There is no way they can all become immigrants.

      No matter what the individual plight and the individual merits, our societies won’t absorb more influx than they are willing and ready to accept and integrate. That capacity need not be related to the objective economic and social situation, nor to the skill and willingness of the prospective immigrant to adapt and assimilate. When a society feels exceeded, it feels threatened, and it shutters. Force it, and the response turns irrational. That may be very ungenerous, even ugly, but it would be irresponsible to ignore the reality.

      Therefore the crisis must be addressed at the large-scale humanitarian level, because there is no hope on earth of coping with it via the customary mechanisms of individual asylum and immigration.

      As a young student in the last millennium, I did volunteer work for an organisation taking care of Ugandan refugees who had escaped Idi Amin’s ubuesque regime. They were self-organised, and their acronym was their program:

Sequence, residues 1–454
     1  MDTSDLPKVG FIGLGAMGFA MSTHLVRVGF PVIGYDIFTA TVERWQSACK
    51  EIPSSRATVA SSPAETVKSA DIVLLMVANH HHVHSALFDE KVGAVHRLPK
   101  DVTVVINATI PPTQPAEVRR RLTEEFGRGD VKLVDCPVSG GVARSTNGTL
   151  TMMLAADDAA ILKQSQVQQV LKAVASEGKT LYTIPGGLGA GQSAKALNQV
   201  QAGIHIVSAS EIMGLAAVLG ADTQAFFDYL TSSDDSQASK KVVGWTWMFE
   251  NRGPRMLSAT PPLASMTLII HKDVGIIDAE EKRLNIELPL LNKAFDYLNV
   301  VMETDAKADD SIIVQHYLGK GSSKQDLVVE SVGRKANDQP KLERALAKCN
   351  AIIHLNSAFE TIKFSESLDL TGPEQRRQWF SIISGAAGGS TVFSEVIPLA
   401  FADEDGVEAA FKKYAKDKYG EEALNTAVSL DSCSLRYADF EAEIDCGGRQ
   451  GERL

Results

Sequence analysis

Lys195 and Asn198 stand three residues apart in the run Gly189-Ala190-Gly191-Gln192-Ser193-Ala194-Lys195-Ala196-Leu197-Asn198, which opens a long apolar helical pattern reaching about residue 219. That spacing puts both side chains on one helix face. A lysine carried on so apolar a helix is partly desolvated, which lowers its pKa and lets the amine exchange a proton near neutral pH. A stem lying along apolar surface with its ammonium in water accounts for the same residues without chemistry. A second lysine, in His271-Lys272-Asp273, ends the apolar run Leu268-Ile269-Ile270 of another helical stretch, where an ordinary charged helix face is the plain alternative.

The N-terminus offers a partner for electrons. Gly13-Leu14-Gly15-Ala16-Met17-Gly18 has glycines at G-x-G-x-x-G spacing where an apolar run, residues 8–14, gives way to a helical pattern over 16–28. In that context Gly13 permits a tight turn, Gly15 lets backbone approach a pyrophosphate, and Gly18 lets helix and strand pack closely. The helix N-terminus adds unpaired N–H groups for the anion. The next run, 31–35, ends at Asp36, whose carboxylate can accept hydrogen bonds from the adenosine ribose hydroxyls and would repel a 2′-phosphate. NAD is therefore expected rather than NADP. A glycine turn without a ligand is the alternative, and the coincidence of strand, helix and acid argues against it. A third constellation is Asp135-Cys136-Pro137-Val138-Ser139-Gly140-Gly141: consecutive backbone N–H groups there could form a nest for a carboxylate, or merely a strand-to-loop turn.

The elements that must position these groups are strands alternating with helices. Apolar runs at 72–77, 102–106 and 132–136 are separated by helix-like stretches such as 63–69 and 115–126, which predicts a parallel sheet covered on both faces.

Training for
      That spelled RETURN, which they eventually did, and from what I’ve seen, they did rather well.

    • Neven P says:

      In light of the misrepresented facts provided at the post, I have asked Mr. Lebrecht to remove my comment. He has not responded to my request so far. Sadly, as another commenter suggested, it has become apparent that his intention is to provoke rather than inform. This is why I will not be making any further comments at Slipped Disc.

  • Calais says:

    I want to house a migrant here in France, but they all want to go to England. What can I do? Norman, you have a spare bed?